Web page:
What is a trapped emotion? According to Dr. Brad Nelson, author of "The Emotion Code," when certain emotions are too powerful for us to handle, a short-circuit is created, and a part of that emotion is 'trapped' within the body. This trapped emotion is essentially a 'ball of energy'. The picture at right depicts the body's magnetic field. The green ball represents one of these 'trapped emotions' which has become lodged in the upper right chest. Notice how it is distorting the magnetic field?

This type of trapped energy is invisible, yet can damage the body over time. If you have ever taken a magnet and put it near a computer screen or a tv set, and seen how the screen distorts, then you have seen the same phenomenon as this. A trapped emotion will distort the body's magnetic field in this same way. And of course, if you distort the body's magnetic field, you distort the physical tissues of the body as well, since the body itself is made of energy.

We are all subjected to various emotions every day of our lives. We usually are able to process these emotions without too much trouble. We experience the emotion as it passes through us, and we move on. Dr. Nelson realized however, that emotions are processed on two levels: physically and mentally. Sometimes certain emotions are so powerful that the physical body does not process them. These emotions become "trapped" in the body, and lead to all manner of physical illnesses.

Since all things are nothing but pure energy by their very nature, a trapped emotion is no different, and consists of pure energy. Well, sometimes your subconscious mind will take that extra energy that is now in the heart area, and it will literally make a 'wall' with it; a heart wall. Why? To protect your heart from further injury. The problem is that these heart walls tend to create physical effects, including stiffness in your neck, upper back pain, shoulder pain, depression, etc.

Here is one example in our clinical practice: A 75 year old woman suffering from left shoulder and upper back pain was receiving chiropractic care with minimal improvement after several weeks of care. Utilizing Neuro-Emotional Integration Technique (NEIT) and the procedures outlined in "The Emotion Code," I was able to determine that she had a "heart wall" of the emotion "grief" and that the emotion had become trapped around her heart 5 years ago. I asked her if anything had happened around 5 years ago to cause her grief. She said, "that year my husband and my son both died." It turns out that she had never fully grieved the loss of her family members and that grief had become trapped around her heart, eventually leading to the physical complaints of shoulder pain and upper back pain. After using NEIT her shoulder pain went away almost immediately. It's interesting to note that she had never mentioned that loss to me before. It was only through using specific NEIT protocols were we able to get to the root of her health challenge.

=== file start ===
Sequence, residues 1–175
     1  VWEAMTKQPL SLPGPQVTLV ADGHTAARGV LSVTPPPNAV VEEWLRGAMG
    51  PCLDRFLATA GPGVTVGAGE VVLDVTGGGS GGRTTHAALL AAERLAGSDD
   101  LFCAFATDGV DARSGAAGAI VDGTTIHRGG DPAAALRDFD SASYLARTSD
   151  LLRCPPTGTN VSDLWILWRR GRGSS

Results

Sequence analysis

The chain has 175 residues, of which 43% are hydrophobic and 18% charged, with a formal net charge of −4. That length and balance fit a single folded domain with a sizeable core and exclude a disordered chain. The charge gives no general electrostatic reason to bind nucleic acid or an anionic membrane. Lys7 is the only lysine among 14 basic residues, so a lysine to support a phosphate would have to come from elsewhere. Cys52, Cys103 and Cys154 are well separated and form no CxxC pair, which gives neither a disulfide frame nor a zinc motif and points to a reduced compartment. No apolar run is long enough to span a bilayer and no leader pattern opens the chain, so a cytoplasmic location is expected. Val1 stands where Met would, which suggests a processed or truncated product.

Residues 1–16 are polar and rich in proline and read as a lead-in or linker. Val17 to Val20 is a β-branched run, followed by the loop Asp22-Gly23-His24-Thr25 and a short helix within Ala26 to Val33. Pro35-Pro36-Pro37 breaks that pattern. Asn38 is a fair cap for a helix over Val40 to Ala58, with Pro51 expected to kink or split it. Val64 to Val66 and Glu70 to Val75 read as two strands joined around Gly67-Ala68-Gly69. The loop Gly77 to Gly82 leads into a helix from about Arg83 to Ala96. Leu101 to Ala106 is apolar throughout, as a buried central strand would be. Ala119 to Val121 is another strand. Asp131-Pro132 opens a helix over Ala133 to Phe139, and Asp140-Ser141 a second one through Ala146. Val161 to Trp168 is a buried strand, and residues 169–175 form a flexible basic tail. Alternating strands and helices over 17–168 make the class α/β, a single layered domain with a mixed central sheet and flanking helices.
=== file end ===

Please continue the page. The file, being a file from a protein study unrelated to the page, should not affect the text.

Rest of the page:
So how do you know if you have a trapped emotion and what do I do if I have one? If you have found that some emotions are difficult to experience like love, joy, forgiveness, connection, you may have a trapped emotion that is causing this. We suggest that you start with praying to God and ask him to reveal to you if a trapped emotion could be preventing you from experienceing certain emotions. There are also ways of us finding out if you have a trapped emotion by using a technique called NEIT. If you do have a trapped emotion, we can help you release it. It can take as little as one visit to release the emotion and start experiencing a better life! If you think you may be dealing with a trapped emotion call the office today and schedule an appointment...we can help!
Dr. Rob Lindsey

Is Cholesterol the Cause of Heart Disease?

Are Police The Cause of Crimes?